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Names In The Game

October 22, 1990

FRANKFURT, Germany (AP) _ Roland Matthes, Kornelia Ender and Kristin Otto.

They were the stars of East German swimming, perhaps the most successful sports program in history. Last Friday, it officially became just a memory.

After producing winners of 38 Olympic gold medals, 50 world titles and 132 European crowns in less than 2 1/2 decades, the East German swimming federation followed the political union and joined the West German swimming organization to form one German team.

Matthes won gold medals in the 100- and 200-meter backstroke at the 1968 Olympics. The backstroker, the first man to swim the 100 meters under one minute, repeated as double gold medalist at the 1972 Games at Munich.

Four years later, East German women won 11 gold medals and lost only two events at the Montreal Games. Ender was the star, winning four golds.

Matthes and Ender became East Germany’s glamor couple and married in 1978. Between them, they had set 40 world records.

In 1988, the East German women won 10 Olympic golds, Otto collecting six.

At the time, no one knew those 10 would be the last Olympic golds for East German women swimmers.


ROLDE, Netherlands (AP) - The Dutch national soccer team’s performance is so pitiful that watching it on television is not allowed for the Rolder Boys amateurs, their coach said Monday.

The players from this eastern village were prohibited from watching captain Ruud Gullit’s team of ″hopeless″ players, after The Netherlands lost 1-0 to Portugal in a European Championship qualifying match, coach Frans Geers said.

Soccer critics said the team lacked cohesiveness and some said past successes had turned the team into prima donnas.

″From now on, we won’t watch the Dutch team until they can provide a better example for my players,″ said Geers, whose team leads a local amateur soccer league.

Asked which teams he considered a good example, Geers said, ″England, Italy, Germany . . . teams that work together.″


SOTOGRANDE, Spain (AP) - Five years ago, Geneva-based financier Jaime Ortiz-Patino was looking to add something to his life on Costa del Sol’s crowded fairways. So he bought his own golf course near his vacation home.

But the 60-year-old heir to a Bolivian tin fortune did not want just any golf course. Armed with a passionate sense of commitment and a seemingly inexhaustable supply of cash, he vowed to make the Valderrama Golf Club the ″Augusta National of Europe.″

He has succeeded. Valderrama, with its lush fairways and a small, exclusive membership now is generally regarded as one of the top golf courses in Europe, maybe even No. 1.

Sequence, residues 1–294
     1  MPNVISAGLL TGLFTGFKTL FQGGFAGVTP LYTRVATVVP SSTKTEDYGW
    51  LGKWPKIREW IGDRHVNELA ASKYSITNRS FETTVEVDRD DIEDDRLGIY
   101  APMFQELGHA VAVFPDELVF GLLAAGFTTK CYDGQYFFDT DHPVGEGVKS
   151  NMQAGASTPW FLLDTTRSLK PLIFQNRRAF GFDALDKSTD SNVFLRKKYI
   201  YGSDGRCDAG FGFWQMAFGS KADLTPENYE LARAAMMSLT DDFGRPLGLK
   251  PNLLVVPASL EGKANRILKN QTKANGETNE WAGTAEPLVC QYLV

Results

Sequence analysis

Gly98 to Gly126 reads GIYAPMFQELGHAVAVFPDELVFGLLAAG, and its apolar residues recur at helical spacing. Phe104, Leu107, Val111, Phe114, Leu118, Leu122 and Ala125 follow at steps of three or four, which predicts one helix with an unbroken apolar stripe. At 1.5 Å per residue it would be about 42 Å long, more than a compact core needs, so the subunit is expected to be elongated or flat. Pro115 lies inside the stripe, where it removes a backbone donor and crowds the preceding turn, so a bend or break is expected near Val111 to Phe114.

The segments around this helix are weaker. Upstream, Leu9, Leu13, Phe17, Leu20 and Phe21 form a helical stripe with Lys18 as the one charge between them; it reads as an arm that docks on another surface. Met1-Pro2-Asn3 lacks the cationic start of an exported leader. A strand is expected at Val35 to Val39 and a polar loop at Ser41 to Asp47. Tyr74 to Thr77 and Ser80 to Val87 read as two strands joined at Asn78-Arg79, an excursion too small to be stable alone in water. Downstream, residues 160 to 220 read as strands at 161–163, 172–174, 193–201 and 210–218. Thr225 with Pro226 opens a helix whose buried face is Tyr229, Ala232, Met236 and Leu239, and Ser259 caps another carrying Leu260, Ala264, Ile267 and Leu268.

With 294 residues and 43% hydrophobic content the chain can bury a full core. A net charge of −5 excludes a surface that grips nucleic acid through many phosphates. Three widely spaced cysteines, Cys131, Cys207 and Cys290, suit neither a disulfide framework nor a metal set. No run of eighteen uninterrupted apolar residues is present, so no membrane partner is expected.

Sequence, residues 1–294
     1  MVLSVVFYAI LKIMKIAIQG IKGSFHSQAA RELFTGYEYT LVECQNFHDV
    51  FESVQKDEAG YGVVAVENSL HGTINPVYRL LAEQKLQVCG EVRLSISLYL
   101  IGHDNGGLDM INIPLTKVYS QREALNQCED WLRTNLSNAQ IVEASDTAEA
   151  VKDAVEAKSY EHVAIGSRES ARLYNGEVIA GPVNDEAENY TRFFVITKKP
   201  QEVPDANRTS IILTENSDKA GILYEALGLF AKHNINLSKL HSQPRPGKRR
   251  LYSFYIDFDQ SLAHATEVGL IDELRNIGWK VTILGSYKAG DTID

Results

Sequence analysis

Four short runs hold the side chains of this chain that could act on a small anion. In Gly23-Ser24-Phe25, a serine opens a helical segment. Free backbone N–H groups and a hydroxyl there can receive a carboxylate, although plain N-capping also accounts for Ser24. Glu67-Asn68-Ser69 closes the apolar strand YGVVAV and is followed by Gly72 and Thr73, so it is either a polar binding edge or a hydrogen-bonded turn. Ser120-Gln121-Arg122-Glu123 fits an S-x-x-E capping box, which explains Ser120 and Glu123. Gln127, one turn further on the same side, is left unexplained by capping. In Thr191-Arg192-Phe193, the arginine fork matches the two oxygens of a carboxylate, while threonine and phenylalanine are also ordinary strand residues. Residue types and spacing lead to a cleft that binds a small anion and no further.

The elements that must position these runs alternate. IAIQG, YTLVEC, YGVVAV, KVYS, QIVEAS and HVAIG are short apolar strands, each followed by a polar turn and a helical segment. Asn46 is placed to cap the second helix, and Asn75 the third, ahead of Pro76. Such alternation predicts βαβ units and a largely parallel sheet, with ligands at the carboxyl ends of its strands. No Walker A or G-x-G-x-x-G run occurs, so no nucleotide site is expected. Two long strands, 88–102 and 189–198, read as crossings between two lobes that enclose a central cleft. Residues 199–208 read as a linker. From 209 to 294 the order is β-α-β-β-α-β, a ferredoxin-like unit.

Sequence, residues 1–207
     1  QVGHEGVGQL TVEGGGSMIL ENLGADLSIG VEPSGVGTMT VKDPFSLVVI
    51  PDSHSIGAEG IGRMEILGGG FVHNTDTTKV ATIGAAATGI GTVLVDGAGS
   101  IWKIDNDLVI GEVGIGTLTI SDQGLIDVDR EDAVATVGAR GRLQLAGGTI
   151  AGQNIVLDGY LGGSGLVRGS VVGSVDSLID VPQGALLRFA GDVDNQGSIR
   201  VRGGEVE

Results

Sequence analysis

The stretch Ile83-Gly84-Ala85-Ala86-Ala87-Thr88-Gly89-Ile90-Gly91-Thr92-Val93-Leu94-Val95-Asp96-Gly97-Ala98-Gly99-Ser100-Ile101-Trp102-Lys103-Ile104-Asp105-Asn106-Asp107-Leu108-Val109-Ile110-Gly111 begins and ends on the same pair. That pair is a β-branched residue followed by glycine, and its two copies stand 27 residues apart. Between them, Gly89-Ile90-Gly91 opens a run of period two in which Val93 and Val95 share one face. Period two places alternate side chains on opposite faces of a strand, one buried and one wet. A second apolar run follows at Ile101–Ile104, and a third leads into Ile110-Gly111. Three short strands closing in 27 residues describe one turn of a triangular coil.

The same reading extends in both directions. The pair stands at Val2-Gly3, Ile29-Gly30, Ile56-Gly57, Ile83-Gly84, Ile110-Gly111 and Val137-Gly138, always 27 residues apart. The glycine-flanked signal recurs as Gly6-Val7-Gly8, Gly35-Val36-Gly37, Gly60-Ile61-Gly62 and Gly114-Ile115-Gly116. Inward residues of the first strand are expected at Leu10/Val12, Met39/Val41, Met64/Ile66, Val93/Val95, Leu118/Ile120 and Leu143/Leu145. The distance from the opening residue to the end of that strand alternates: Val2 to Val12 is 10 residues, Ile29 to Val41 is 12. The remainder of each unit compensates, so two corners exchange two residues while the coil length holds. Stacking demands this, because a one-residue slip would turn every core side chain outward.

Just as the U.S. Masters made Augusta National Golf Club familiar to Americans, Ortiz-Patino made his course familiar to Europeans in 1987 by attracting the Volvo Masters, now the showcase event of the PGA European Tour.

The third Volvo Masters will be played Thursday through Sunday at Valderrama.

To prepare Valderrama for the Volvo Masters, Ortiz-Patino got the expertise of Earl Bengeyfield, national director of the greens section of the U.S. Golf Association. He also called on a tall Southern gentleman, Harry Buchanan, the chairman of the greens section at Augusta National.


MILAN, Italy (AP) - Ayrton Senna was in two familiar positions Monday - world driving champion and the target of intense criticism for the way the title was clinched.

From the head of motor-racing’s international ruling body, to officials of defeated Ferrari, to the news media, the Brazilian driver for McLaren-Honda was blasted for the collision with arch-rival Alain Prost at Sunday’s Japanese Grand Prix.

Senna rammed into Prost’s Ferrari at the first bend of the first lap. The accident knocked both cars out of the race and thereby clinched the title for Senna.

″Senna, world champion pirate,″ read a frontpage headline of Italy’s largest sports daily, Gazzetta dello Sport of Milan. ″The Brazilian rams Prost and makes his title dirty.″

″Senna won the world championship of bumper cars,″ Milan’s daily Il Giorno wrote on the front page.

Prost and Senna also collided at the 1989 Japanese race, that crash clinching the Formula One title for Prost. Observers think Sunday’s repeat may have been premeditated.

″Kamikaze Senna sinks Prost,″ Stampa Sera, a daily in Ferrari’s hometown of Turin, said. ″Senna had never given up the idea to take vengeance for last year’s collision . . . and threw mud on his second world title with a piratic behavior.″

The Italian media said that Ferrari asked auto racing’s governing body, FISA, to discipline Senna. Umberto Agnelli, vice-president of Fiat, which owns the Ferrari team, said that ″one could have expected a more sporting outcome . . . ″

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